Panera Bread is officially grabbing the wheel of its delivery program. The fast casual announced it plans to hire 10,000 new employees by the end of 2017 to expand delivery services at more of its 2,000-plus units.

The initiative will affect 35 to 40 percent of total locations. Panera introduced delivery in early 2015, and currently offers the service at around 15 percent of its system (20 percent at company-owned stores).

“Panera is doing for delivery what we did for quick service—creating an elevated guest experience end-to-end,” says Ron Shaich, Panera founder, chairman and CEO, in a statement.  “In many places across the country, all that’s available for delivery is pizza or Chinese food. We’re closing the gap in delivery alternatives and creating a way for people to have more options for real food delivered to their homes and workplaces.”

Seventy-five percent of the jobs for Panera Delivery will go to drivers, Panera president Blaine Hurst told Reuters. Hurts also said the program adds around $5,000 to weekly sales at each restaurant—a boost of around 10 percent. The other 25 percent of hires will work in-store, as the program, unlike some of the third-party delivery setups of quick-service chains, will be run by Panera.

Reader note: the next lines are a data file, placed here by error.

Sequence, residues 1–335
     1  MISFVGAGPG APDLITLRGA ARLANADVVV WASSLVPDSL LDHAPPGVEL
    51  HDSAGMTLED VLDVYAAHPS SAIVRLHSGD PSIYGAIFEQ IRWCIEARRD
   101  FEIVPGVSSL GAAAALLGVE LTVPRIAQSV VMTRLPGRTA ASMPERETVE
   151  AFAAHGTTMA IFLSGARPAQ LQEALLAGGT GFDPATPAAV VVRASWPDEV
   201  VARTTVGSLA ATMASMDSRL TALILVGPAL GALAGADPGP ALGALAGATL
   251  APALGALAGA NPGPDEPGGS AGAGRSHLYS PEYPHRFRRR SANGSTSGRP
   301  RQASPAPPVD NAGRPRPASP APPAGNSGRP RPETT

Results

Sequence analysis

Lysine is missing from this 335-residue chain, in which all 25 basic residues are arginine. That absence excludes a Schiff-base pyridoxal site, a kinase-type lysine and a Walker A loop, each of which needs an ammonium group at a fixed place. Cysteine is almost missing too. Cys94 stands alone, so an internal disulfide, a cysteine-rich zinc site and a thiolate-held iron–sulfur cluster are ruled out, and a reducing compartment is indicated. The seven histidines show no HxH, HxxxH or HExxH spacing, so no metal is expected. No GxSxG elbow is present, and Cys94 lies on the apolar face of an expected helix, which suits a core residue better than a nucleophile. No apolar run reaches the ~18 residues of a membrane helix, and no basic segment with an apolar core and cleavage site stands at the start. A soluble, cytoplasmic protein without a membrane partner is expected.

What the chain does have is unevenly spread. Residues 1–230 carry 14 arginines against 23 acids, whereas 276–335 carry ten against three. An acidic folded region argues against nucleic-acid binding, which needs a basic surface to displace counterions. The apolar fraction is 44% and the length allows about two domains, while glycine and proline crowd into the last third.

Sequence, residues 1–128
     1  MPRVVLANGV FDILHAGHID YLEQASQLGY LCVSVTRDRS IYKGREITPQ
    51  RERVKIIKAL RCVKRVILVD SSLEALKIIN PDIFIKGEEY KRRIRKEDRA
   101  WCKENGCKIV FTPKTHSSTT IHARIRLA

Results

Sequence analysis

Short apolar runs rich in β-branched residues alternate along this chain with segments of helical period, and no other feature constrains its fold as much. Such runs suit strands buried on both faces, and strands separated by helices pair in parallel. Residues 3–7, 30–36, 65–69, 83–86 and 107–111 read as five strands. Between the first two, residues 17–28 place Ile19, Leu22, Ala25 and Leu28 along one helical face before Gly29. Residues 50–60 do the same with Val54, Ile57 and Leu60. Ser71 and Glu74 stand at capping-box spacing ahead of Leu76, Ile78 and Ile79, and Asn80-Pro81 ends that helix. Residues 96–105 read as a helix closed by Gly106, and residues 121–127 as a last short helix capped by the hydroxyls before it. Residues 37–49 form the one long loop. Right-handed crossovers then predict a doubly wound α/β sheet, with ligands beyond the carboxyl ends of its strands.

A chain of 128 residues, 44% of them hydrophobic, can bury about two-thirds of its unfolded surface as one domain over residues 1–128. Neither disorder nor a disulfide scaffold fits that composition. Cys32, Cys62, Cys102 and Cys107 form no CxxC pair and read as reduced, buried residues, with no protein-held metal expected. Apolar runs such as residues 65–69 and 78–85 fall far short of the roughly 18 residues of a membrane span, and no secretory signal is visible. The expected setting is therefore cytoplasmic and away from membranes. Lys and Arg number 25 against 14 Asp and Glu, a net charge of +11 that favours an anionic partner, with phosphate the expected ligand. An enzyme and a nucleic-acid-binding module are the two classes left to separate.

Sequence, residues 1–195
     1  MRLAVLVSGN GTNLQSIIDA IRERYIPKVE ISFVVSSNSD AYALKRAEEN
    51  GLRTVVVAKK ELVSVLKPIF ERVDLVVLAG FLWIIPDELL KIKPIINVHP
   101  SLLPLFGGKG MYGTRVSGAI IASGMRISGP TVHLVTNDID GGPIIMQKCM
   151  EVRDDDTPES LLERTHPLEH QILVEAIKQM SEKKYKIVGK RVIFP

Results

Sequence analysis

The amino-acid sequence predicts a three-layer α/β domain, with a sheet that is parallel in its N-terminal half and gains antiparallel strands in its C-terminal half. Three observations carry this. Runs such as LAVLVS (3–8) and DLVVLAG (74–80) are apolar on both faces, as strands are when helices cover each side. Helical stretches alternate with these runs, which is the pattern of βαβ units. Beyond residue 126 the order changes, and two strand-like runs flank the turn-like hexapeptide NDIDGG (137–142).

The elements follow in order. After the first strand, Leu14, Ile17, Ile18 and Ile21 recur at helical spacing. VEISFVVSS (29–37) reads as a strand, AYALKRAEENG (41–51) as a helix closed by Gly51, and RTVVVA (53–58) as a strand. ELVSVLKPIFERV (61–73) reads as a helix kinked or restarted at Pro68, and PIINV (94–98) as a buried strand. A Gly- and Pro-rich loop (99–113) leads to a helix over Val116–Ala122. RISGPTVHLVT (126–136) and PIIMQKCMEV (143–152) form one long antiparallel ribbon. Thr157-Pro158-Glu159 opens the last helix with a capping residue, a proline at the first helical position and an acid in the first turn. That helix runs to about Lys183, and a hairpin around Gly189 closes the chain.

The company will vet its own drivers and inspect them on a regular basis. And in Uber-like fashion, Panera will let its drivers use their own cars, inspecting the driving records, insurance, and vehicles of the employees. Panera says the drivers “with daytime hours and competitive wages, are bringing a new level of enthusiasm and delight to customers accustomed to a more traditional delivery experience.”

The digital and mobile ordering-based service will provide lunch and dinner to officers, hospitals, campuses, and homes. The company says it will typically deliver within an eight-minute drive of a restaurant and generally deliver between 11 a.m. and 8 p.m., seven days a week, with a minimum of a $5 menu purchase and a delivery fee of $3 in most locations.

The chain also created an order tracking system with Bringg technology to let consumers follow meals and see a projected arrival time. A map of the driver’s route and a photograph of the driver will also be presented. CNBC reported that Hurst expects each unit to hire between seven and 12 drivers and staff members at a cost around $25,000, with hiring and labor factored in.

Panera, which agreed to be purchased by JAB Holding in a $7.5 billion deal in early April, told CNBC it forecasts delivery adding $250,000 per year to each store’s annual revenue of $2.6 million.

“For the first time, Panera Delivery is making it possible for us to hand deliver our great food directly to people where they work and live,” says Blaine Hurst, president, Panera Bread, in a statement. “For us, hiring our own drivers was the only way we could ensure that our delivery guests get the same high quality experience they have come to expect from our bakery cafes.”

Fast Casual, Fast Food, News, Ordering, Restaurant Operations, Panera Bread